A natural state

A permanent rest stop? Plan for more Texas park space includes "green" burial grounds

A permanent rest stop? Plan for more Texas park space includes "green" burial grounds

green burial, natural burial, park, December 2012
The Texas Parks & Wildlife Department is looking to partner with the Green Burial Council in an effort to acquire land to be used as a green burial plot.  The Daily Undertaker
green burial, natural burial, body, park, December 2012
A green burial is completed without the use of chemicals or the practice of embalming. Kinkaraco-Green Burial Products/Facebook
green burial, natural burial, park, December 2012
green burial, natural burial, body, park, December 2012

It's no secret that the Texas Parks & Wildlife Department has felt the effects of deep budget cuts in recent years. Natural disasters (like last year's drought) and an ongoing need for facility maintenance have also caused significant financial strain. So what's the best way grow the Lone Star State's protected park land in a time of need? 

Become green burial ground, reports KXAN.

 Land adjacent to state parks — especially in more urban areas, where conservation is most needed — would become green burial grounds and annexed to the parks' existing land.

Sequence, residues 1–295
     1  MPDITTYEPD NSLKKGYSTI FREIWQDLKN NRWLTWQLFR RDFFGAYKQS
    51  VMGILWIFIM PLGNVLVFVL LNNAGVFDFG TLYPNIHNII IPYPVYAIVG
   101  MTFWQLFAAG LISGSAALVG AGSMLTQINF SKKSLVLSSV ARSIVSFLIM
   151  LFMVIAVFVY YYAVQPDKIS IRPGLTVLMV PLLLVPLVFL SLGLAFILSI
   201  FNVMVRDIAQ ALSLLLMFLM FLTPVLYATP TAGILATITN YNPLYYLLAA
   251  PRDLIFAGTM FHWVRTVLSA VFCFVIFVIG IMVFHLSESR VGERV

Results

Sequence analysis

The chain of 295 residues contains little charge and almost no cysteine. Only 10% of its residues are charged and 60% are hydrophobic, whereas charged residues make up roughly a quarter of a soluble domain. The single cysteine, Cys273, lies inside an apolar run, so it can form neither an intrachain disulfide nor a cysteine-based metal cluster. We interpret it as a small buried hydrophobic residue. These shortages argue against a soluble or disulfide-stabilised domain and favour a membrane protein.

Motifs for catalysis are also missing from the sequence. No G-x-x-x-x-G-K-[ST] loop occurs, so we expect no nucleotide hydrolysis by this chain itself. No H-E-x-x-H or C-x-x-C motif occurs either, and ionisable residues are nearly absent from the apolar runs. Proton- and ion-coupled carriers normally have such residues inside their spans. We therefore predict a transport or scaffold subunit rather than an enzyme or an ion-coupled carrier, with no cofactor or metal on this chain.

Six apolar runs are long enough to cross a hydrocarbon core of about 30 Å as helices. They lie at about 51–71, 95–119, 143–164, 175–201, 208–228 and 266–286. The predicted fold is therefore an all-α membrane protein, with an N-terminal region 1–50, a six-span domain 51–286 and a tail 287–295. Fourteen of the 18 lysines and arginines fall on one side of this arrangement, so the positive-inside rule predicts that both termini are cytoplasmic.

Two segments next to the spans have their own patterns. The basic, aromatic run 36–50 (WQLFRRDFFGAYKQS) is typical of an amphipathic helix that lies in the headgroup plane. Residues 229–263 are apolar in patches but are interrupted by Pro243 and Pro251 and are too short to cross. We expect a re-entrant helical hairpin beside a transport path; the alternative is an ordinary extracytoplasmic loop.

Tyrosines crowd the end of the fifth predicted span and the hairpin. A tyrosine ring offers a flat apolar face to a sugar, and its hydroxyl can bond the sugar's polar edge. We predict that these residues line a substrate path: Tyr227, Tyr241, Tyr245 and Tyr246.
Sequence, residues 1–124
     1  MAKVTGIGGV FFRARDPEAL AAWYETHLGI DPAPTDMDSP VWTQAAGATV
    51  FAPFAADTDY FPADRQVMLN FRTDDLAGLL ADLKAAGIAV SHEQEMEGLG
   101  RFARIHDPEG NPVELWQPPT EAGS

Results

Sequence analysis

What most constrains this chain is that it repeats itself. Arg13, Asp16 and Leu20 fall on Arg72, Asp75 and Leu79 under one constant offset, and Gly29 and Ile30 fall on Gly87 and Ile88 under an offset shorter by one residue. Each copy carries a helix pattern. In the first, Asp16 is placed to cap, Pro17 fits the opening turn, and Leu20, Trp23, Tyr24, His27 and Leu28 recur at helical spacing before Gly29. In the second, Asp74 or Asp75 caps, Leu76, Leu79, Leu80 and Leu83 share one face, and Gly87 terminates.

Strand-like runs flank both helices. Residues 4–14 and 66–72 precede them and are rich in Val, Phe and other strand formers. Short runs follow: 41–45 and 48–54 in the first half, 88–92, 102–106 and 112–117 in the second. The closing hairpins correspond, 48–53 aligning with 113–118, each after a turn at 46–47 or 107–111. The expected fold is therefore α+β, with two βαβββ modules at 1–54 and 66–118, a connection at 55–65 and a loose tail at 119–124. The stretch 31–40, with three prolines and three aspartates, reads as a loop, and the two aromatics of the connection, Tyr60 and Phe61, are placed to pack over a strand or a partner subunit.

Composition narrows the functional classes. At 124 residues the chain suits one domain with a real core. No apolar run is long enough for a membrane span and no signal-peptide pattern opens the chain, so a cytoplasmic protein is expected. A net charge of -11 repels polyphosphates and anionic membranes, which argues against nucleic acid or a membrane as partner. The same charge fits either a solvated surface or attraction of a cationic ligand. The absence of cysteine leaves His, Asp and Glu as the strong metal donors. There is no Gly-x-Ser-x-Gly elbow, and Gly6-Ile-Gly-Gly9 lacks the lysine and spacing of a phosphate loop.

The TPWD has been in discussions to form a partnership with funeral service industry professionals and the Green Burial Council (GBC), which has a history of bringing conservation and funeral service entities together in programs that "aid in the restoration, acquisition and/or stewardship of natural areas."

Land adjacent to state parks — especially in more urban areas, where conservation is most needed — would become green burial grounds and annexed to the parks' existing land to be used, as Ted Hollingsworth, director of land conservation for the TPWD, sees it, for "more habitat for turkey, quail, deer, snakes, lizards" and "more room for trails, picnic areas, all of that," but emphatically not for campsites.

"Typically, [green burial] involves burial in a wooden box or a cardboard box or canvas shroud, with no chemicals," Hollingsworth told the station. "No embalming or other fluids." 

If the program launches, Texas would become the first state government involved in this type of partnership with the GBC. The TPWD could add to its land without spending the taxpayer's money, and loved ones could ensure that their dead have been interred in a natural and environmentally-responsible way. 

Sounds like a win-win for everyone except, perhaps, coimetrophobics who just want to enjoy the great outdoors.